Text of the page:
In our monthly Corporate Partner Spotlight, we speak with corporate leaders about what inspires them to serve as advocates and ambassadors for children’s health. This month, we spoke with Brad Knox, Senior Vice President and Counsel, Aflac Federal Relations.
Brad is a member of the Corporate Advisory Council at Children’s National Hospital. He has lived in the Washington, D.C., area for 16 years. Brad’s relationship with the hospital began when one of his own children was treated at Children’s National for a back injury.
Why do you & Aflac support Children’s National Hospital?
Aflac has a commitment to the communities we serve. While that may look different in each location, it’s about giving back and bettering the places we call home. For us in the D.C. region, supporting Children’s National was a natural fit, especially with the hospital’s Cancer and Blood Disorders Center. For more than 25 years, Aflac has been committed to treating and researching pediatric cancer and blood disorders at the Aflac Cancer and Blood Disorders Center at Children's Healthcare of Atlanta. Expanding that work to support Children’s National allows us to care for even more children and families.
What lessons have you learned from your time partnering with the hospital?
I knew that Children’s National was one of the premier facilities in the country, but I didn’t initially realize just how many children it treats annually or that they have the largest single-site sickle cell program in the country.
I have also been impressed with the global impact of the sickle cell research conducted by Children’s National, especially given the diverse population of the community. It’s amazing to see the impact both globally and locally.
Aflac is a strong supporter of patients with sickle cell disease at Children’s National and elsewhere. Why is that work important to Aflac?
Aflac was founded on the principle of being there when our customers need us most. In fact, our first policy was a cancer policy, and we’ve long been committed to helping combat not only cancer, but various blood disorders, including sickle cell disease.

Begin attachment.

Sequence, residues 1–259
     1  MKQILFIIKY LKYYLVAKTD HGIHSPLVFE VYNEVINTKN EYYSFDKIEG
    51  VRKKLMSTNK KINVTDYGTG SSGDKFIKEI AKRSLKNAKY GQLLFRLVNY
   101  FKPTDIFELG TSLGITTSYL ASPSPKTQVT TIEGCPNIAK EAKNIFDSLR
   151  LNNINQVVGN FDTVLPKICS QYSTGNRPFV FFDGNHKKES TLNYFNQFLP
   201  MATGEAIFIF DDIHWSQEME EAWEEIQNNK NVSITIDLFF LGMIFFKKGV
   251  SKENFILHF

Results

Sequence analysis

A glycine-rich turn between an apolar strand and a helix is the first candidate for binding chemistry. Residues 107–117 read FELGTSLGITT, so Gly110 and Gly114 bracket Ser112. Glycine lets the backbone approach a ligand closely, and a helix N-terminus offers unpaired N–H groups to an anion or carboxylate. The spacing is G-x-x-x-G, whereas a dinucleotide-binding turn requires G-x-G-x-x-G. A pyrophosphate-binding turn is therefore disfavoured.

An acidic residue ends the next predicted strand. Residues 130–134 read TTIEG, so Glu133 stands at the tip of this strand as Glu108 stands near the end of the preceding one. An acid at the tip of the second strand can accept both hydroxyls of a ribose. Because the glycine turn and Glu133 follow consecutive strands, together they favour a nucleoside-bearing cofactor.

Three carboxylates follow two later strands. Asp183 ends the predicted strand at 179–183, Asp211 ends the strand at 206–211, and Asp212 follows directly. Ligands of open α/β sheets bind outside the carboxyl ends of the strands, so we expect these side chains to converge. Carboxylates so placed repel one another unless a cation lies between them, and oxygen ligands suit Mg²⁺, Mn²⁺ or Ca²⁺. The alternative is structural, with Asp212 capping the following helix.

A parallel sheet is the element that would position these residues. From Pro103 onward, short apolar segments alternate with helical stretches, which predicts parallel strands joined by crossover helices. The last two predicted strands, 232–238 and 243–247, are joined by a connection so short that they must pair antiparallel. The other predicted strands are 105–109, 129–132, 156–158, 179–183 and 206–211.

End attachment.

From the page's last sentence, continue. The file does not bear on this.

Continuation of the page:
Sickle cell disease isn’t uncommon. It affects roughly 100,000 Americans at any time, but it doesn’t have the same visibility as other well-known diseases. Even though there are more people living with sickle cell disease in the United States than with any other genetic condition, such as cystic fibrosis or hemophilia, they also have considerably less access to comprehensive, coordinated care.
This disparity is something that we are trying to shine a light on and change, whether that’s through our support of Children’s National, Aflac’s benefits or through the expansion of our award-winning My Special Aflac Duck program.
What role can business leaders play in Children’s National’s success?
The work Children’s National does to ensure that all children in the D.C. area are healthy and prospering is vital to the families and vibrance of our region. It’s easy to get involved in one of the many ways to support the hospital’s great work.
What’s the most rewarding part of working with Children’s National?
Getting the chance to speak with the patients. When you talk to a child about their life and dreams, their excitement and joy is contagious. Then you get to see how the amazing staff at Children’s National is making that future possible for them; there’s nothing else like it.